“They don’t want school to be hard, or to feel the sense of accomplishment from hard work. They have lost the love for learning.”
Good teachers are half the equation.
“Like every relationship, motivation must come from both sides. Kids must want to learn, not be forced. Kids need to chase after A’s, even if they have received F’s.”
Without a passion for learning, the cure for cancer will never be discovered. Species will not be saved from extinction. Our world will fail, Wright said.
“We must be the catalyst for change because we cannot keep tracking down this road watching our society perish,” she said. “We all have a purpose in this world. It is now time for each of us to discover that purpose. We have always heard that we are special, so let’s show the world we are.”
Salutatorian Shylee Graf congratulated her fellow graduates and urged the crowd to live a life of virtue, adventure and optimism.
“We struggled, but we persevered. We faced trials and tribulations, but we didn’t back down,” she said. “While all of this seemed to take an eternity, we can look back now and realize that the last four years went by quickly, and we may struggle to say goodbye. We all have wonderful memories of our time here at M-CHS, and those will always be a piece of who we are.”
The potential for success in each graduate is a powerful force, Graf noted.
“We are all capable of something wonderful,” she said. “The sky’s the limit, so make the most of it. Try new things, go places you only used to dream of going to.”
Keep a positive outlook on life, it makes life more fun and rewarding, she said, and don’t forget to push the limit.
In the words of her grandfather: “If you’re not living on the edge, you’re taking up too much space! Class of 2022 go forth and take the world head on and live on the edge!”
Keynote speaker Chris Kelley performed a rap song at the 2022 Montezuma-Cortez High School graduation. Here’s an excerpt.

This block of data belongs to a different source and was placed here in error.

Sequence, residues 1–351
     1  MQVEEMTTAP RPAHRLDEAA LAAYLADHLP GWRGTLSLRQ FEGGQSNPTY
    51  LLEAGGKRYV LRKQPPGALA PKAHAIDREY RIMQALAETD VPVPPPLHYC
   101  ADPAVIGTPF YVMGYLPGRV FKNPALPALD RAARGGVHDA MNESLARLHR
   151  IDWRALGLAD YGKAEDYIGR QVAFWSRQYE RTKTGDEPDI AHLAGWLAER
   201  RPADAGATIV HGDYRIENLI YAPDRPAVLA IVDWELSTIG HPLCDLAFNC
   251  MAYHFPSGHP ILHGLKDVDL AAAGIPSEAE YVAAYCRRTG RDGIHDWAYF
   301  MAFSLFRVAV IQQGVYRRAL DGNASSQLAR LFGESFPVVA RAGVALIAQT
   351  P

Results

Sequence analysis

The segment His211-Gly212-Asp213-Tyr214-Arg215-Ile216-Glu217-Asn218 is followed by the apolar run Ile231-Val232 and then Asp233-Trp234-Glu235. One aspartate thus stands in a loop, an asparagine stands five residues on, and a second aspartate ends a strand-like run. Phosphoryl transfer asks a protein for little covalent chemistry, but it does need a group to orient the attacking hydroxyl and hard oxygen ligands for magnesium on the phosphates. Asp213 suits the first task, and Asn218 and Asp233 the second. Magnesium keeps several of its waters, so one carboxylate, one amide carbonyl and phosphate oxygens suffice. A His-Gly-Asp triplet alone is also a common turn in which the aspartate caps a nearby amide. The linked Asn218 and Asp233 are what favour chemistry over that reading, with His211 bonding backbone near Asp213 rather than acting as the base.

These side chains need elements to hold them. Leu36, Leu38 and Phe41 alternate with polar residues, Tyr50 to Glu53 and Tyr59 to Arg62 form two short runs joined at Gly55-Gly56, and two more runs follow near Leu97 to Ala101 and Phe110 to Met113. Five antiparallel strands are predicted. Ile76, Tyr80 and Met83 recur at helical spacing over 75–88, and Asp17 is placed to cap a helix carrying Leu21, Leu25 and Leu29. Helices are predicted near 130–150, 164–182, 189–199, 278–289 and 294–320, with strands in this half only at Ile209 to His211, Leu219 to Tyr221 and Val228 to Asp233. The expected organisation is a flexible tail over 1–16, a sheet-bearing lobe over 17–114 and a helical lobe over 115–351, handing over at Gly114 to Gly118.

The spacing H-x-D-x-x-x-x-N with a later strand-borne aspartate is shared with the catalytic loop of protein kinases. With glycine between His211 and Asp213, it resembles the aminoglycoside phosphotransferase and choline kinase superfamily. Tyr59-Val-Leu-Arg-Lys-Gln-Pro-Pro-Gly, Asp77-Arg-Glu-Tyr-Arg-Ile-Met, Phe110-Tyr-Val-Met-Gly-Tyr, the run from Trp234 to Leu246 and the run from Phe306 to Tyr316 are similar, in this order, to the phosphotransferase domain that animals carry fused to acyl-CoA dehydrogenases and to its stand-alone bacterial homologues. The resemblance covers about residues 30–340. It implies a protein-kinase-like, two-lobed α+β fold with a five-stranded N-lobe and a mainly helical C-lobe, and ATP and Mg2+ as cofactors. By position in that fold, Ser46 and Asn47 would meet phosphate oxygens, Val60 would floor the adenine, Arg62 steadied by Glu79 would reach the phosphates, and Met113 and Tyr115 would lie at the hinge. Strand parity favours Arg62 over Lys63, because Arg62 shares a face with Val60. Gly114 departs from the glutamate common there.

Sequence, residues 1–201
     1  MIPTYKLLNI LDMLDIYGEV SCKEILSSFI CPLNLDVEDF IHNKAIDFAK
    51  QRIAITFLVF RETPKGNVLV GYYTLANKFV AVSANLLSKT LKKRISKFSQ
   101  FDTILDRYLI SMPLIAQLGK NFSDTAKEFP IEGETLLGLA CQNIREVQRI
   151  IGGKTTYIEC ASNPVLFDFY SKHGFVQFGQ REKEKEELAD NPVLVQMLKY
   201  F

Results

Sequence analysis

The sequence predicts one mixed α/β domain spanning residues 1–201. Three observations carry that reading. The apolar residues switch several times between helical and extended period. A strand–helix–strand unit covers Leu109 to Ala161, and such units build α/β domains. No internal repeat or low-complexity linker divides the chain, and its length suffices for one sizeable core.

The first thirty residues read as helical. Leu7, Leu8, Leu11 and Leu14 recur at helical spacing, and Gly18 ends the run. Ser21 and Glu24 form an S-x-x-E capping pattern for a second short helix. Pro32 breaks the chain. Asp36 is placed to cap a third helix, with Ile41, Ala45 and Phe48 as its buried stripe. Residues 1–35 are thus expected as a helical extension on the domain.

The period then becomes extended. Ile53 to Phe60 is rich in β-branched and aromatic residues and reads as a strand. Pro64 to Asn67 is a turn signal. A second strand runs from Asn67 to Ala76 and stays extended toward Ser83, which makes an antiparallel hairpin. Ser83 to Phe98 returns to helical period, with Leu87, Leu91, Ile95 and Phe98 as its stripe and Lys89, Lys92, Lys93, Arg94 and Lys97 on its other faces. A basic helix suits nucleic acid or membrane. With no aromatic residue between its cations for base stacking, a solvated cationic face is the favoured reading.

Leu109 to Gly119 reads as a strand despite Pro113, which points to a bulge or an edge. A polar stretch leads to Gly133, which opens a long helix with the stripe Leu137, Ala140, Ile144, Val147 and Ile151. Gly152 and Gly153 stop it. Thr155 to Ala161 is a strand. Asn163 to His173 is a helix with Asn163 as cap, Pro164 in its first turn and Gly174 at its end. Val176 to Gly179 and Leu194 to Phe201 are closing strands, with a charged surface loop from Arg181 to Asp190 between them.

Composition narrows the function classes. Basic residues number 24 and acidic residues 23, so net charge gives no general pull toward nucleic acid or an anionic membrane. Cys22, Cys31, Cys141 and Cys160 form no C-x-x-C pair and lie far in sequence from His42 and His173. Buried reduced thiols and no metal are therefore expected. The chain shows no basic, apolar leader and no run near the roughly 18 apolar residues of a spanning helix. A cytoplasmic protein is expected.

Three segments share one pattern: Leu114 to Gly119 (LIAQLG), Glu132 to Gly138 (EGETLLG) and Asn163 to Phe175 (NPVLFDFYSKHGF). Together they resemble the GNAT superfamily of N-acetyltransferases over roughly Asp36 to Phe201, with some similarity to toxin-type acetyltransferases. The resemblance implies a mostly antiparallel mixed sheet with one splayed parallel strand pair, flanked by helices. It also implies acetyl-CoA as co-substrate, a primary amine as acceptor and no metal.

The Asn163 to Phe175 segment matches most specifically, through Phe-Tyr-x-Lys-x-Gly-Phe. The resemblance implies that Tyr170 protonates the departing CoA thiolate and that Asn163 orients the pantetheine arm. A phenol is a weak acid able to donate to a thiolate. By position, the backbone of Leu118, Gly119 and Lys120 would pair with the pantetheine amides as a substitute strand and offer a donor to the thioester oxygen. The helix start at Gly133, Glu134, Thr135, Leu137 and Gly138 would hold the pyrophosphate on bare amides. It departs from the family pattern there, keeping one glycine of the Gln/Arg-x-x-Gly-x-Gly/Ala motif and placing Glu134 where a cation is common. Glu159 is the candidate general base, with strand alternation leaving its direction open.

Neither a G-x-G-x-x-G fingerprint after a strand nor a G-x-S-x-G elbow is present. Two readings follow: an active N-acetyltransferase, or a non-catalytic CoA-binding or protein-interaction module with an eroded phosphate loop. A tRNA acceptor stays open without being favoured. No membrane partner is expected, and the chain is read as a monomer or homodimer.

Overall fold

You’ve been waiting for this moment, for a very long time, now it’s here and I’m laying down rhymes,
And it would be a crime, If I sent ya all off without dropping ya’ll some dimes!
You’re a class of survivors, super proud,
With your eyes to the skies, and your feet on the ground.
Pandemic, politics, wars and race,
Okay Boomers, yo, we get it, you just can’t embrace,
That THIS generation is taking your PLACE,
So what do I do after Graduation?
Do I set a new course on my life’s navigation?
Do I float through a sea of my own imagination - no hesitation?
Don’t trip, you’ll be acknowledged
It doesn’t matter if you go to work or if go to college,
It's not about the path you take, it’s about the plan you make to keep your head filled with knowledge,
Never stop learning, keep yearning for what the world is churning
Keep the fire of desire for intelligence always burning
Like an outburst, I’m unsure of the words in my third verse, conversely rehearsed, But what’s worse, I can’t even curse,
Graduates, ya’ll got the drip slapping back at the pandemic like your name is Will Smith!
So what can I say, except I’ll miss you all dearly, Be good to each other, and live your lives sincerely.
Love you all! Best of luck, find peace within. Goodbye for now, Until my friends, we meet again.
The graduation scene was upbeat as parents socialized and kids played together. The stands were filled, and the crowd spilled out onto the grassy hillsides. The wind was tolerable, and Cortez police officers stood guard.
Kelly Comisky watched her daughter and nieces graduate.
“It’s an honor to see them step into the next chapter of their lives,” she said.
Alex Silas saw her nephew Ryan Ponzo graduate.
“We’re so proud of him, his mom would have been proud too,” she said. “My hopes are that he continues his education and gets a good job. He is good at engineering.”
Ebony Criddle said seeing her daughter Khysztin Stiegelmeyer graduate was emotional.
“We’re so very proud, she graduated with honors,” she said.
Stiegelmeyer plans to work at Mesa Verde National Park this summer, and looks forward to traveling.
Doug and Melinda Carver saw their son JT Carver graduate. He is the eighth child of the family to walk across the graduation stage at Panther Stadium.
“Of course we’re proud of him,” Carver said. “He thrived at school and played baseball and basketball.”
He said his son plans to work on the family farm to earn some money, and what he does next is up to him.